In the current low-yielding environment investors can capture alternative returns in the fixed income space by taking both long and short bond positions.
This is according to Armin Bischofberger, one of the managers of the the Credit Suisse L/S Swiss Franc Bond fund.
Together with his co-managers Philippe Wechsler and Sébastien Zöller, the fund manager uses three substrategies in order to capture alternative risk premia: long/short, convergence and liquidity premium.
The first substrategy of the fund is long/short, where alternative risk premia can be captured through access to the repo market.
‘We get the bond we want to short in the market from a repo desk, but from our long portfolio we also provide one of our bonds as collateral, refinance it and get cash,’ said Bischofberger.
He added that in an environment with normal yields investors would usually pay something for this transaction, but as he and his co-managers pay at a rate close to the interbank rate, which is minus 75 basis points, the average refinancing rate is currently deeply into minus territory.
‘We can buy AAA short-dated paper at zero or slightly minus, because we have refinanced ourselves at much deeper minus rates, which is unique in the Swiss market.’
The second substrategy of the fund, convergence, takes advantage of discrepancies in bond valuations.
Bischofberger said the Swiss franc market is structurally inefficient as there is a lot of demand from institutional clients who follow an index and have to buy everything from it.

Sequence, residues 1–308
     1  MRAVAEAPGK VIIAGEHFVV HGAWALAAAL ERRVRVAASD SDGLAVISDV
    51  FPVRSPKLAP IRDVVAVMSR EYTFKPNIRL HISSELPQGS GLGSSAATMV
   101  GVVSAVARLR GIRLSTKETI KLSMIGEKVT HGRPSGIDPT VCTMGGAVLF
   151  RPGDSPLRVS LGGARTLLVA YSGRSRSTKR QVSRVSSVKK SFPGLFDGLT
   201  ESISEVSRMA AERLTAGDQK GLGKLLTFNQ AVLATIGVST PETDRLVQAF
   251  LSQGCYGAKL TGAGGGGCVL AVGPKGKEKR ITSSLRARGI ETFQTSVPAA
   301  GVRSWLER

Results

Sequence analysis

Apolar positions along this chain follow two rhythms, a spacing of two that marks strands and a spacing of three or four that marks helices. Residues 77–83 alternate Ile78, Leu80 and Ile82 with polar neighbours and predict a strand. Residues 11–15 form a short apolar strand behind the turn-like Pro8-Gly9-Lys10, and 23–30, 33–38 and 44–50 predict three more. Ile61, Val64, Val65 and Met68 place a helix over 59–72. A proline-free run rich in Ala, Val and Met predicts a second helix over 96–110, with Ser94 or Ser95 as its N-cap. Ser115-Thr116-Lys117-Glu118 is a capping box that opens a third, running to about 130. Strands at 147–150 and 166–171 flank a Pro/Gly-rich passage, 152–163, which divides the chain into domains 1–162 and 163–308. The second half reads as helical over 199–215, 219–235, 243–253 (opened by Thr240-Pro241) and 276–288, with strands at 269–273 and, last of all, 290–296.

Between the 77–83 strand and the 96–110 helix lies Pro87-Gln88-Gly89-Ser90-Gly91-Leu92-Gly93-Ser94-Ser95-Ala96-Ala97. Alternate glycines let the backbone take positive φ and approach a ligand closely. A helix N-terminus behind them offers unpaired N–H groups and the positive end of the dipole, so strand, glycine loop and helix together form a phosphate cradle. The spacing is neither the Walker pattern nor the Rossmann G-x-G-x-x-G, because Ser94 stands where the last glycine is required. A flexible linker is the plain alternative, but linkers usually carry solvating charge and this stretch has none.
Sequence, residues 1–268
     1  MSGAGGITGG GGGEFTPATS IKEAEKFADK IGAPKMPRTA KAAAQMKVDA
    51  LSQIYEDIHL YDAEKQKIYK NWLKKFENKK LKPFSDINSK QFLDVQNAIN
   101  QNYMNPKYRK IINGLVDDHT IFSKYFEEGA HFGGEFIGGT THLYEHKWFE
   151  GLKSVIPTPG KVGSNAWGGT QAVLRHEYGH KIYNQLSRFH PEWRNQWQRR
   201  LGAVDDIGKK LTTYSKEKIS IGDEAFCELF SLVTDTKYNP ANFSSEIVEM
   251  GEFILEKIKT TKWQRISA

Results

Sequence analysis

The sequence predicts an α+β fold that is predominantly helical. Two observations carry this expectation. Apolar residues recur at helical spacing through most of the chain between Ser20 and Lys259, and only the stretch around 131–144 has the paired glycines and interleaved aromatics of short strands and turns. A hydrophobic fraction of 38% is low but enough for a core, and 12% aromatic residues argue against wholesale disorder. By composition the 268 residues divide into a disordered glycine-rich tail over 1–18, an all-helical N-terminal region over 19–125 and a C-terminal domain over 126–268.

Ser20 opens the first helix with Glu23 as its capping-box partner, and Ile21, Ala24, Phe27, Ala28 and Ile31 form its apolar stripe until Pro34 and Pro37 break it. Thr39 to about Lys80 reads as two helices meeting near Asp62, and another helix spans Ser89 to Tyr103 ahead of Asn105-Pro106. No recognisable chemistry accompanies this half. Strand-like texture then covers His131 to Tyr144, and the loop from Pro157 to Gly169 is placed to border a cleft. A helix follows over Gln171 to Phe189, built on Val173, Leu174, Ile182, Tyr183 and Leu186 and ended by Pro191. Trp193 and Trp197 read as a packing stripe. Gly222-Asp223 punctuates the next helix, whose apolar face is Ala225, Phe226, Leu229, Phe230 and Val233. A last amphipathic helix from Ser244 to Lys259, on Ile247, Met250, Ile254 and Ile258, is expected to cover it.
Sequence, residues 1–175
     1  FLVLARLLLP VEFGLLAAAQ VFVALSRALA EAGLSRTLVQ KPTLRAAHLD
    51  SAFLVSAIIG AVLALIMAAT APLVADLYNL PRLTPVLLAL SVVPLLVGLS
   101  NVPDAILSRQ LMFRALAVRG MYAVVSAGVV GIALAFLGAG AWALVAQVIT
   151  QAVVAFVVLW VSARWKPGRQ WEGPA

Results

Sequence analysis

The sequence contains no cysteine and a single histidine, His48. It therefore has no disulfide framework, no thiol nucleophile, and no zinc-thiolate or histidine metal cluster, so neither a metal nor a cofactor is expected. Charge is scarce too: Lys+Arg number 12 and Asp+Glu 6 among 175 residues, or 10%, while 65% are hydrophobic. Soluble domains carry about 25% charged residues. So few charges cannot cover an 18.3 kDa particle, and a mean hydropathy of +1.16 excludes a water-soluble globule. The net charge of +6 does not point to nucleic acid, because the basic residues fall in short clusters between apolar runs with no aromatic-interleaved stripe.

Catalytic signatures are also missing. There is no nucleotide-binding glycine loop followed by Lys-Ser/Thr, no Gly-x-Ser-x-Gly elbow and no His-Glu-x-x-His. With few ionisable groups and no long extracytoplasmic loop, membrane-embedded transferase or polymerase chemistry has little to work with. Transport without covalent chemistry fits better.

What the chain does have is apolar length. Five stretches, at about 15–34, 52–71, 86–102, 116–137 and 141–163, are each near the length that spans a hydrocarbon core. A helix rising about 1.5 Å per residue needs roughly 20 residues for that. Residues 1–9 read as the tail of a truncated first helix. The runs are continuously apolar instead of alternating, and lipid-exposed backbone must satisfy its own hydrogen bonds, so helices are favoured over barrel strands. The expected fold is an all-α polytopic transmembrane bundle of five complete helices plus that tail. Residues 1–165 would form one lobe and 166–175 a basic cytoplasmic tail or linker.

'That leads to a situation where the credit spread difference of a CHF bond and its international peer of the same company can be more than 200 basis points in a five-year duration context.'
The fund takes advantage of this difference as it is able to sell a Swiss franc bond at 100 and buy the CDS of the same company with the same risk, capital structure and maturity at 90.
‘We do pair trades and are long the bond identical risk where it is more attractively valued and short where it is more expensive and in 95% cases it is in the Swiss franc market.’
Bischofberger said the trading books of investment banks have been significantly reduced since the financial crisis, which means in the case of forced selling in the market the banks’ trading departments won’t be able to provide sufficient liquidity.
The fund manager said within the substrategy called 'liquidity premium' the fund provides the market with liquidity for selected corporate bonds.
‘This allows us to monetise on bid-ask-spreads. Our fund can directly trade with more than 40 counterparties as well as provide liquidity on SIX.'